Minimizing Population Health Loss in Times of Scarce Surgical Capacity During the Coronavirus Disease 2019 Crisis and Beyond: A Modeling Study

Benjamin Gravesteijn, Eline Krijkamp*, Value Based Operation Room Triage team collaborators, Jan Busschbach, Geert Geleijnse, Isabel Retel Helmrich, Sophie Bruinsma, Céline van Lint, Ernest van Veen, Ewout Steyerberg, Cornelis Verhoef, Jan van Saase, Hester Lingsma, Rob Baatenburg de Jong

*Corresponding author for this work

Research output: Contribution to journalArticleAcademicpeer-review

13 Citations (Scopus)
32 Downloads (Pure)


Objectives: Coronavirus disease 2019 has put unprecedented pressure on healthcare systems worldwide, leading to a reduction of the available healthcare capacity. Our objective was to develop a decision model to estimate the impact of postponing semielective surgical procedures on health, to support prioritization of care from a utilitarian perspective. Methods: A cohort state-transition model was developed and applied to 43 semielective nonpediatric surgical procedures commonly performed in academic hospitals. Scenarios of delaying surgery from 2 weeks were compared with delaying up to 1 year and no surgery at all. Model parameters were based on registries, scientific literature, and the World Health Organization Global Burden of Disease study. For each surgical procedure, the model estimated the average expected disability-adjusted life-years (DALYs) per month of delay. Results: Given the best available evidence, the 2 surgical procedures associated with most DALYs owing to delay were bypass surgery for Fontaine III/IV peripheral arterial disease (0.23 DALY/month, 95% confidence interval [CI]: 0.13-0.36) and transaortic valve implantation (0.15 DALY/month, 95% CI: 0.09-0.24). The 2 surgical procedures with the least DALYs were placing a shunt for dialysis (0.01, 95% CI: 0.005-0.01) and thyroid carcinoma resection (0.01, 95% CI: 0.01-0.02). Conclusion: Expected health loss owing to surgical delay can be objectively calculated with our decision model based on best available evidence, which can guide prioritization of surgical procedures to minimize population health loss in times of scarcity. The model results should be placed in the context of different ethical perspectives and combined with capacity management tools to facilitate large-scale implementation.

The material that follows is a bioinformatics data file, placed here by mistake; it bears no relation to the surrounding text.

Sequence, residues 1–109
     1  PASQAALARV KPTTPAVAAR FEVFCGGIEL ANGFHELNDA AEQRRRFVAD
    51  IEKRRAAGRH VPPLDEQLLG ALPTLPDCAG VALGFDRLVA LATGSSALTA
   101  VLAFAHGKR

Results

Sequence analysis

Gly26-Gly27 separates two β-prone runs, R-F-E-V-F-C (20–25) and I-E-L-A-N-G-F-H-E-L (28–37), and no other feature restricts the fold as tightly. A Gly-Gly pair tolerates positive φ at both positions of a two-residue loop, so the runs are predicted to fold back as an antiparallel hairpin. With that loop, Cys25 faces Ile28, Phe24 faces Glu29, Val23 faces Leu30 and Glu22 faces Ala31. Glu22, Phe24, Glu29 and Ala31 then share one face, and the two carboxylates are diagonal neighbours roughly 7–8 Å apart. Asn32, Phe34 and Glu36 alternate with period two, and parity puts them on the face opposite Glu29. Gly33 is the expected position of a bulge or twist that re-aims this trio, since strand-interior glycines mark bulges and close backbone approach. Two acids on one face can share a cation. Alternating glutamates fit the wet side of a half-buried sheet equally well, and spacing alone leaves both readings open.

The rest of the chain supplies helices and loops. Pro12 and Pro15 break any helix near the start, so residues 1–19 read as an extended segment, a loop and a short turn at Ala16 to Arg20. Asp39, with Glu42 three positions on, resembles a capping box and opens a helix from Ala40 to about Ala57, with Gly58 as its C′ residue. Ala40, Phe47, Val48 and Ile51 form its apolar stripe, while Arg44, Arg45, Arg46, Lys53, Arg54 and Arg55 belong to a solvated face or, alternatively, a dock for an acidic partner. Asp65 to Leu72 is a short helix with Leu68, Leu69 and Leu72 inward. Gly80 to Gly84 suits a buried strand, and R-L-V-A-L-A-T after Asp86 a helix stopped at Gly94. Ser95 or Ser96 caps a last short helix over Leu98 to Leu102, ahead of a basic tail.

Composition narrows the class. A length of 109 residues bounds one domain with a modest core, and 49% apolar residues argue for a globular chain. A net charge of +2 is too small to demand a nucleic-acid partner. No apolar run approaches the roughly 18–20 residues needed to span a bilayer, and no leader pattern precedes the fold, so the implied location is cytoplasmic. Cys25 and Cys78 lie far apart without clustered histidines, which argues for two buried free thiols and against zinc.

Original languageEnglish
Pages (from-to)648-657
Number of pages10
JournalValue in Health
Issue number5
Publication statusPublished - 1 May 2021

Bibliographical note

Funding/Support: Eline Krijkamp was supported by the Society for Medical Decision Making fellowship through a grant (GBMF7853) by the Gordon
and Betty Moore Foundation, Palo Alto, CA, United States. Support for this
study was solely from institutional and/or departmental sources.

Publisher Copyright: © 2021 ISPOR–The Professional Society for Health Economics and Outcomes Research


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